Analytic Number Theory

Course (4 hours weekly + 2 hours Problem sessions) by O. Forster
Winter Semester 2001/02, Department of Mathematics, LMU München

Time and Room: Mon 9-11 HS 132, Wed 11-13 E27
Starts on Monday, Oct. 15, 2001, at 9:15h

Problem sessions: Mo 14-16, HS 132

What this course is about: One of the classical problems in number theory is the distribution of primes. In analytic number theory one uses the theory of analytic functions to attack this and other problems. In this course, we will (among other things) give a proof of the Prime Number Theorem, asserting that the number of primes less than or equal to a bound X is asymptotically equal to X/log(X) as X tends to infinity. The proof uses the Riemann zeta function. We will also explain the famous Riemann Hypothesis about the zeroes of the zeta function (this is one of the Millennium Problems, worth $ 1 million, if you can solve it). Another theme is Dirichlet's theorem on primes in arithmetic progressions, where so called L-functions are used.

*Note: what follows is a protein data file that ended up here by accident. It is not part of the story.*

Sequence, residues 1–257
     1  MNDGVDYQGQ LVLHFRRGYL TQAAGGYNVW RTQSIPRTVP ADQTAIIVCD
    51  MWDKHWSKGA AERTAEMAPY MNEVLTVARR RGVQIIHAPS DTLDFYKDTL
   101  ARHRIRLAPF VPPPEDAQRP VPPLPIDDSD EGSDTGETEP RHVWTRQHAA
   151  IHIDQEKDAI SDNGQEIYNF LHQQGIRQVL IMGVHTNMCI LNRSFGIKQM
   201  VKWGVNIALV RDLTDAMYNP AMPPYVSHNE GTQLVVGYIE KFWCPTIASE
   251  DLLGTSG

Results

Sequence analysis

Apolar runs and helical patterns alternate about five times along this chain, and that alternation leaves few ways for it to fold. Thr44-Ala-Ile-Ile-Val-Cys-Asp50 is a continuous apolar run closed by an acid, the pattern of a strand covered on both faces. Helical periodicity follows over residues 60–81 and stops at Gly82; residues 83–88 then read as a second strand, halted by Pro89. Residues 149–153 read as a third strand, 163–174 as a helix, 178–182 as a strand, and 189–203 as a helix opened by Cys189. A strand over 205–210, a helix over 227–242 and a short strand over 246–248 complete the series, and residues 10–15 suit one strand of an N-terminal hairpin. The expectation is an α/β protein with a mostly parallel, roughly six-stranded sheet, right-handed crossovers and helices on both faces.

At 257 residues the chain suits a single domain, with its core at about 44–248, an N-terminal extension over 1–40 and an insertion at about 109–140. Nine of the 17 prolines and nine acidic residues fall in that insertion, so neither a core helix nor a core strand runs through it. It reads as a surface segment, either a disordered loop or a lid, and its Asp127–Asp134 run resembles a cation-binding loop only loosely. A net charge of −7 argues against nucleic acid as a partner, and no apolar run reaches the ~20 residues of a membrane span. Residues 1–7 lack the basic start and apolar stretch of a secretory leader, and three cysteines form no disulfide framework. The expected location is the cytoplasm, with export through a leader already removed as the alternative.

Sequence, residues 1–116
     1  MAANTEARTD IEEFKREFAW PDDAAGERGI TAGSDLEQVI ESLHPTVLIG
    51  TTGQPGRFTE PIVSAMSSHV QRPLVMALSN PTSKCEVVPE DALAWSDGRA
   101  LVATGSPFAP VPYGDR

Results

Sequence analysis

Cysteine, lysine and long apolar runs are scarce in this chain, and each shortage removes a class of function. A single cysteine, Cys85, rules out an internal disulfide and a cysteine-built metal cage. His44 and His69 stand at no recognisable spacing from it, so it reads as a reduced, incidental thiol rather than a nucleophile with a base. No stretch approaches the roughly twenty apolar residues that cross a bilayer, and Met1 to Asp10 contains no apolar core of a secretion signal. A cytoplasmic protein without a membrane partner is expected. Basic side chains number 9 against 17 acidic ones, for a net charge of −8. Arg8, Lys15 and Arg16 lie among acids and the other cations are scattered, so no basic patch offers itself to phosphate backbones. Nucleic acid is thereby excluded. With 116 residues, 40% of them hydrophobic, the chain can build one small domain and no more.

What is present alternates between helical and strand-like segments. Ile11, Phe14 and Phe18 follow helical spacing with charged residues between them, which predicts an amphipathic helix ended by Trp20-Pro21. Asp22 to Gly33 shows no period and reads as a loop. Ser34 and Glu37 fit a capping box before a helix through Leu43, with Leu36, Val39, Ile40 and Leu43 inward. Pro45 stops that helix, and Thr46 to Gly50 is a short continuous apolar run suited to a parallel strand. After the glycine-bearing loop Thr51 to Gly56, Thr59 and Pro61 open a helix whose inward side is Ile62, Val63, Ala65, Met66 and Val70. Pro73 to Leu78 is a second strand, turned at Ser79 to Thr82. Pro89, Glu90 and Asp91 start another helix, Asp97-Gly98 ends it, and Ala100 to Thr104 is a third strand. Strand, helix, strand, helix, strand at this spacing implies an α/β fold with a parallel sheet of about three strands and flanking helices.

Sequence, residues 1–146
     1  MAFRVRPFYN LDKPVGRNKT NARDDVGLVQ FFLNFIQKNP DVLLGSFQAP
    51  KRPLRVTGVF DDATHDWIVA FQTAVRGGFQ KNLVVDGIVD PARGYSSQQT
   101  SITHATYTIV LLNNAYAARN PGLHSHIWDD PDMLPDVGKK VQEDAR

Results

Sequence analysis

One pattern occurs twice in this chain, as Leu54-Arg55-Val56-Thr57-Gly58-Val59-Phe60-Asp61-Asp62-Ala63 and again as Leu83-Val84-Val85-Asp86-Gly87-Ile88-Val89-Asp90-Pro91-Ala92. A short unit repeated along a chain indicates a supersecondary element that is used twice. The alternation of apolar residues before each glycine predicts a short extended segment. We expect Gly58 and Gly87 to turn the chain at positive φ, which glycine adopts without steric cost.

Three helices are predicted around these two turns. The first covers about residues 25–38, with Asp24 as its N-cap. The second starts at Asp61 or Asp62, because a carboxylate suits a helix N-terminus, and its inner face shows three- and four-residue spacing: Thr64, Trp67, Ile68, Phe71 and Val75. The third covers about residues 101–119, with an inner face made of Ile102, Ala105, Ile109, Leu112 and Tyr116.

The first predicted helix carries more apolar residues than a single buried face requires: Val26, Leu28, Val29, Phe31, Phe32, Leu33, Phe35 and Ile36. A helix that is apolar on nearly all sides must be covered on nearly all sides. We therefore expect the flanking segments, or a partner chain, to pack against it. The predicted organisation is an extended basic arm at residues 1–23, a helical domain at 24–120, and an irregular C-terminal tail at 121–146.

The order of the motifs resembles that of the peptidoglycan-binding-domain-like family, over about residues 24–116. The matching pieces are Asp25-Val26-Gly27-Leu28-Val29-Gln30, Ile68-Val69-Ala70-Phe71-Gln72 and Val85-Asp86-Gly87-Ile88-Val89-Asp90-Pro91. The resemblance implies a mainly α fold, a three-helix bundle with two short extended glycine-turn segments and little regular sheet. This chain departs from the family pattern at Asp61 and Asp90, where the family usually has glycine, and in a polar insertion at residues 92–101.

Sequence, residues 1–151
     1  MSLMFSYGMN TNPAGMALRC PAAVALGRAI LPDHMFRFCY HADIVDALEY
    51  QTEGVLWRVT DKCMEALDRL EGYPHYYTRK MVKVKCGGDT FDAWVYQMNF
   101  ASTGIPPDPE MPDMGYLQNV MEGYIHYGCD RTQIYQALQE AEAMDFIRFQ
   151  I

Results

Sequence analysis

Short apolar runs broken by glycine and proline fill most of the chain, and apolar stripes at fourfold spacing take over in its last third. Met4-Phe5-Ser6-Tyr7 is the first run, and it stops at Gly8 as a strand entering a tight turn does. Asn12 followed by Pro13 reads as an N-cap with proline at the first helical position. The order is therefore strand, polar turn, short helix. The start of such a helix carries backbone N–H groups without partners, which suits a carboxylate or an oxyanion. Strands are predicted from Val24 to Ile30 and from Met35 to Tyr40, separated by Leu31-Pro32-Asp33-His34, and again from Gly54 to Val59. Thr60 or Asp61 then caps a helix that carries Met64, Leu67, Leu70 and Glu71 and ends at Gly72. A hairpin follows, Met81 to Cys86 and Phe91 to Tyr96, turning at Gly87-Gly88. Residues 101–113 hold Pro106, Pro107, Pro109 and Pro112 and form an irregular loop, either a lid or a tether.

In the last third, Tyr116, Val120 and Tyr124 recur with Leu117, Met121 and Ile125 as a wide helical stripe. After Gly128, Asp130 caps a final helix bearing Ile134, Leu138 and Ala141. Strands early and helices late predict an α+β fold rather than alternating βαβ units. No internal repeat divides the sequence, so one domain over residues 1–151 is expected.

Prerequisites: Elements of the theory of analytic functions, including residue calculus.


Lecture notes

This course will be followed by a course in Algorithmic Number Theory (SS 2002) and one in Cryptography (WS 2002/03).
Topics for master theses (and diploma theses) will be available from these subjects.
Otto Forster (email), 2001-02-16